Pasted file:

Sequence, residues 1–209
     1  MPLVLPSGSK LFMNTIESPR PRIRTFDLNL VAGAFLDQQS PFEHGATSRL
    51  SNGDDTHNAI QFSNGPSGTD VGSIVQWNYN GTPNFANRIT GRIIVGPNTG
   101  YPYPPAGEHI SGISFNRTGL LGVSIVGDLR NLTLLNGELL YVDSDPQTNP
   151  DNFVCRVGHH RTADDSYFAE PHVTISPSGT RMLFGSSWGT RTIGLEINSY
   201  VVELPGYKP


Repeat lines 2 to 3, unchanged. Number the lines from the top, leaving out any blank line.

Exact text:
     1  MPLVLPSGSK LFMNTIESPR PRIRTFDLNL VAGAFLDQQS PFEHGATSRL
    51  SNGDDTHNAI QFSNGPSGTD VGSIVQWNYN GTPNFANRIT GRIIVGPNTG